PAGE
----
Steve Hinkson sphinkson at
Tue Aug 24 04:38:00 EST 1999

Got that.  Had that before. *wink*  The question that remains unanswered

Where's the cotyledon in a monocotyledonous plant?

If the seed is all germ and endosperm....

Janice M. Glime wrote:

>   I don't think Dave Starrett's question got completely answered.
> Flowering plants have "double fertilization" in which one sperm nucleus
> joins the egg and one joins the polar nuclei to form the endosperm
> nucleus.  This endosperm nucleus has at least a 3n condition (in many
> dicots), 5n in lily, and a variety of other n conditions depending on how
> many divisions occurred before the mature embryo sac formed.  Following
> fertilization, this new endosperm nucleus undergoes free nuclear division,
> i.e., it makes nuclei but no cell walls are formed.  This permits it to
> develop from the middle of expanding tissues without having to form its
> own tissue until it has reached a sufficient size to permit the remaining
> cells to form without crushing the previous ones.  These nuclei move
> outward in the ovule like chains in circles.  Eventually the outermost
> ones begin to form walls and become structural.  This becomes the "meat"
> in the coconut.  The younger ones are still liquid, acellular chains of
> nuclei and form the "milk."  Thus the edible coconut has mature meat
> endosperm and young milk endosperm.
>   Both monocots and dicots go through this process, but in dicots the
> endosperm is quickly used by the developing cotyledons and seldom noticed
> as a milky endosperm.
>   The coconut is a great example to help students understand the whole
> double fertilization process and the free nuclear division.  They are able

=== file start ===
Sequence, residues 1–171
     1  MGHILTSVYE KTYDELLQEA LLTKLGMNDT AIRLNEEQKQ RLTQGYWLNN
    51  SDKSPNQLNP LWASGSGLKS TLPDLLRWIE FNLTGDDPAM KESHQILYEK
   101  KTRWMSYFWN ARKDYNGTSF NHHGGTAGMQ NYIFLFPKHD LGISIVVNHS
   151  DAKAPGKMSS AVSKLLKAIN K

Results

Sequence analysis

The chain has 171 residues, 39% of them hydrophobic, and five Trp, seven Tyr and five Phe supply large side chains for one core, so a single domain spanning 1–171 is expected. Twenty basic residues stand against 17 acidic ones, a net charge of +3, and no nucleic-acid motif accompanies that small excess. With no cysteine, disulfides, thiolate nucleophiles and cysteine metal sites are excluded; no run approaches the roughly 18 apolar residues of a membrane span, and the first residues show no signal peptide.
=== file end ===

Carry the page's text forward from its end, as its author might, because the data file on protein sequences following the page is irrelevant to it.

> to visualize what it is like for a cell to divide in the middle of other
> tissue and to understand that to expand there must be a provision made to
> provide sufficient room.  From the coconut example, then they can think of
> other examples of monocots they know where the endosperm is important or
> where they have seen milky endosperm.  Corn is a good example because
> there is enough old, starchy corn on the market for them to understand
> that something happens as it ages.  This introduces the change from sweet
> to starchy and change from sugar to starch as the product is stored in the
> seed for overwintering.
>   We have a foods lab with this in which the students get to eat endosperm
> - coconut, popcorn, rice wrapped with nori.  You can also give them
> cotyledons to eat - peanuts, walnuts.  But it is the coconut that really
> enables them to understand the whole process.
> Janice
> ***********************************
>  Janice M. Glime, Professor
>  Department of Biological Sciences
>  Michigan Technological University
>  Houghton, MI 49931-1295
>  jmglime at
>  906-487-2546
>  FAX 906-487-3167
> ***********************************

Drop by and see me at :

-------------- next part --------------
An HTML attachment was scrubbed...

More information about the Plant-ed mailing list